Along with detective stories, crossword puzzles and the occasional walk, reading science fiction was Linus Pauling’s primary form of leisure. The hundreds of dog eared sci-fi monthlies spanning multiple decades in his personal library (used to good effect by a past Resident Scholar of ours) are testament to a keen interest in the genre. It was not until recently, however, that we learned of Pauling’s one-time interest in dabbling as a fiction writer himself.
From an October 1992 interview with Thomas Hager, conducted in support of his 1995 biography, Force of Nature:
Thomas Hager: Do you continue to have an interest in science fiction now?
Linus Pauling: Yes, I subscribe to two of the science fiction journals. Argosy and Science Fiction and Science Fact, the two principle science fiction journals I subscribe to, and I usually read them. The serials sometimes are just too long, I don’t bother to read them. And of course the problem is first the characters have been changing recently. Instead of being adventure science fiction stories, they are sort of sexual relations science fiction stories – the way with novels, too. I don’t read novels anymore either except for old ones that I re-read. And then the science fiction stories, the plots all seem to me to be old ones that I have read before. Sometimes it seems to me that the stories aren’t so interesting as they were in the old days.
TH: Well, that’s probably true. You’ve been reading them long enough, they repeat.
LP: Yes, for years I thought I would write a science fiction story based upon the idea that one can have life essentially identical with life on earth which is based on DNA and proteins and amino acids, but with other handedness. In my General Chemistry or College Chemistry freshman chemistry text, I have a footnote about Alice in Wonderland, or I have a page or two about right-handed and left-handed molecules. And I quote Alice in Wonderland saying, ‘But would looking glass milk be good for me?’ And I said of course it wouldn’t be. It would be made of D-amino acids. And someone who had been converted to the dextral form would not be able to eat anything unless he could get food made of D-amino acids… And couldn’t get married and have children unless he could find a wife who had also been. Well I was going to have a catastrophe in the ship going through space. Some sort of catastrophe that changed everything from left-handed to right-handed.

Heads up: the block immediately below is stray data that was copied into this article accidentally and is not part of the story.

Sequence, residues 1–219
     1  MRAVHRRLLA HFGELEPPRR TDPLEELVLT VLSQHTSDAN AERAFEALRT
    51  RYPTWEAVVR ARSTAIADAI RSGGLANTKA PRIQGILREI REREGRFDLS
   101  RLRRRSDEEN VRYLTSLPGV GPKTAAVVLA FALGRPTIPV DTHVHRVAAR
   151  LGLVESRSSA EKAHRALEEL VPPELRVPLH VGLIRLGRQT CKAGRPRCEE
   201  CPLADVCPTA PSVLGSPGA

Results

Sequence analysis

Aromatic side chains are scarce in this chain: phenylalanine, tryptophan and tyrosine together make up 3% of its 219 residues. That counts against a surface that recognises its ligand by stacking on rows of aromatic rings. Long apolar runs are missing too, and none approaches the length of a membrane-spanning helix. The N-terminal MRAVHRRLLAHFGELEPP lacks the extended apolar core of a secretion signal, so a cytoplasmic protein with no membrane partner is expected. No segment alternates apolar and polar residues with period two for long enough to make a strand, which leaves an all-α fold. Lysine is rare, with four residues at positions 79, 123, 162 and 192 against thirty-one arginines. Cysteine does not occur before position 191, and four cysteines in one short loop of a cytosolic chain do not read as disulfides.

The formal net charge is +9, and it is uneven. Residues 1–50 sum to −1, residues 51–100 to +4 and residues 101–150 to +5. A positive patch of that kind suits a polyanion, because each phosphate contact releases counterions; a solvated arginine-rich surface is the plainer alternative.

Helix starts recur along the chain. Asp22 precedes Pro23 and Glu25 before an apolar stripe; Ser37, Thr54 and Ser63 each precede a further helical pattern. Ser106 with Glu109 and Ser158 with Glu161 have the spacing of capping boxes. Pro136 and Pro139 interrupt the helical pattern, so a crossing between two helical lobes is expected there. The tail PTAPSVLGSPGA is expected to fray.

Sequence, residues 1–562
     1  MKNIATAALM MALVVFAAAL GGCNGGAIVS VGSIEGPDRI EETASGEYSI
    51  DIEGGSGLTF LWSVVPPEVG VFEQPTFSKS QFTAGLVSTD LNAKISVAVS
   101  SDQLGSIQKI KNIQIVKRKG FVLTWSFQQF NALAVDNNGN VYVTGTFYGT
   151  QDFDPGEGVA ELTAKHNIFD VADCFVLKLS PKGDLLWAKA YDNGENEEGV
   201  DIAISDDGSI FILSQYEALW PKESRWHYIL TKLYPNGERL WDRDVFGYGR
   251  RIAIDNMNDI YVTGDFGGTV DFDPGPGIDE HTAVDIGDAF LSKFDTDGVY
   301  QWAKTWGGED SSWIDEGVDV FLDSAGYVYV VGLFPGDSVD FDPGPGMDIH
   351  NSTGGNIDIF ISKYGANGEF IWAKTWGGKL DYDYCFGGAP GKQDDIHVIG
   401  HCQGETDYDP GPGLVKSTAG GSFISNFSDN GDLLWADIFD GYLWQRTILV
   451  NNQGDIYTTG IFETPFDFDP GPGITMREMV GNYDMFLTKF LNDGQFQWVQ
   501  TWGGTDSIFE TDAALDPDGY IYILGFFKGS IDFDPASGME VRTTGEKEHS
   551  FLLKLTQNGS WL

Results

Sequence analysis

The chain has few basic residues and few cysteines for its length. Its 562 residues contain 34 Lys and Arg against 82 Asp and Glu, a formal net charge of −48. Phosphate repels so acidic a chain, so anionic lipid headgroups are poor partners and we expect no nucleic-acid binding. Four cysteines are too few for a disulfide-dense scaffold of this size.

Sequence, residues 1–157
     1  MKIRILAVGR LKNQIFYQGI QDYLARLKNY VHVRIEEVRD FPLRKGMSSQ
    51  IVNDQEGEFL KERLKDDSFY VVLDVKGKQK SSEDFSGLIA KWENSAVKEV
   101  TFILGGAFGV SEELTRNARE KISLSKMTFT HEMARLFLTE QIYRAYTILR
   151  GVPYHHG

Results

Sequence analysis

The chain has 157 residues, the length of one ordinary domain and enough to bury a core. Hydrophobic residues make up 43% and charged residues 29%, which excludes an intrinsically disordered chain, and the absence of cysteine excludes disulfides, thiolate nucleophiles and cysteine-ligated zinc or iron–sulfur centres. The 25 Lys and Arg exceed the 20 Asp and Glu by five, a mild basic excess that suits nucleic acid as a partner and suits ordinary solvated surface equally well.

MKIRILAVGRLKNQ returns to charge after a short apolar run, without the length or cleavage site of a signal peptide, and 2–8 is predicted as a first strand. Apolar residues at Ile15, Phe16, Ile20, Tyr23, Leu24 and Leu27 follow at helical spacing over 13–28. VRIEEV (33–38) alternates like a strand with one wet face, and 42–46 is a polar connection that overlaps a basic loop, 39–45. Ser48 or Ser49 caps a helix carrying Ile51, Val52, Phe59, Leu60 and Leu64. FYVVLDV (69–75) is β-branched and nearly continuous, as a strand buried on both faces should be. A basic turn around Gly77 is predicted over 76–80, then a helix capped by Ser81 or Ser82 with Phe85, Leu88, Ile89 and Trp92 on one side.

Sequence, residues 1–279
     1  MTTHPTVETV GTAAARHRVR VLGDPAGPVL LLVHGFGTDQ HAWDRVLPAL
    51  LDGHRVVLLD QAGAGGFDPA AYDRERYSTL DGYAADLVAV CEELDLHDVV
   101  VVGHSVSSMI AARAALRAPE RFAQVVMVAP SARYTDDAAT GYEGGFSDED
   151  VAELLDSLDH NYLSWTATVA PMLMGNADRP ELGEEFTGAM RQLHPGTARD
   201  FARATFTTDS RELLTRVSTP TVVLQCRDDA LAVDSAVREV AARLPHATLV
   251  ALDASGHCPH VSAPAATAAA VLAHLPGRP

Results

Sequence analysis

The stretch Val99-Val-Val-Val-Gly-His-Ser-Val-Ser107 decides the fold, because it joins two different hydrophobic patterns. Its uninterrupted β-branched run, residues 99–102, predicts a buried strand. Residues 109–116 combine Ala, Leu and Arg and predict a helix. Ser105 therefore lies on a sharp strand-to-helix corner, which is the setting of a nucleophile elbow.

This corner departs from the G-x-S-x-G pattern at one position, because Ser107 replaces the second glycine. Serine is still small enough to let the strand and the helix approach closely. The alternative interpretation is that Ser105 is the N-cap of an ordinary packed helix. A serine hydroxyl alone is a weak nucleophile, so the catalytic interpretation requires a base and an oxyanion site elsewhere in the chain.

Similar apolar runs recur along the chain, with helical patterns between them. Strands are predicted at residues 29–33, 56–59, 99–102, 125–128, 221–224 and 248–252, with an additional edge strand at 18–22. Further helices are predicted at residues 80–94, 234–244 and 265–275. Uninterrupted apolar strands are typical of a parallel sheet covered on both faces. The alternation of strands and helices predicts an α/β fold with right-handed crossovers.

TH: Now do you remember what sort of catastrophe it would’ve been?
LP: No. Well, it’s pretty hard for a scientist to invent a catastrophe that would do that. It had to be a catastrophe somehow involving multiple worlds, not just a shockwave. Because you would have to have angular momentum, chirality, and it’s very hard even to convert L-alanine to D-alanine, for example.
TH: If you lifted an L-being out of the third dimension into the fourth dimension and turned them over and put them back, would that…?
LP: Oh yes. Surely that’s exactly what people who have written about multi-dimensional space had said or the man who wrote Flatland. You could do that in three dimensions and go back to two dimensions.
TH: I wonder, but I’m trying to think, would that result in that sort of inversion in that…?
LP: Oh yes, well, if you had a scalene triangle, three edges unequal to one another, three edges all different, and turn it over, it goes from being a right-handed to a left-handed.
TH: So in any case, that’s an interesting idea. It is too bad you never finished that.
LP: Yes, well of course, one complaint about some science fiction writers is that their handling of interpersonal relationships is poor. This is a complaint I had of E. T. Bell‘s science fiction books. He wrote two or three science fiction books under the pseudonym John Taine. And they were mildly interesting from the science, sort of. Not more interesting than books or stories by many science fiction writers. Mildly interesting, but the handling of personal, interpersonal relationships was very poor. Of course, good science fiction stories depend to a considerable extent on the personal relationships, just as good novels do.
TH: Do you feel that would have been a weakness if you had tried writing one?
LP: Well, I thought I recognized the need for including a good story of this sort inside of the story, but I’m not sure that I could do it. But the main thing is I never have had time. There are always scientific problems that I am trying to solve and that interest me more.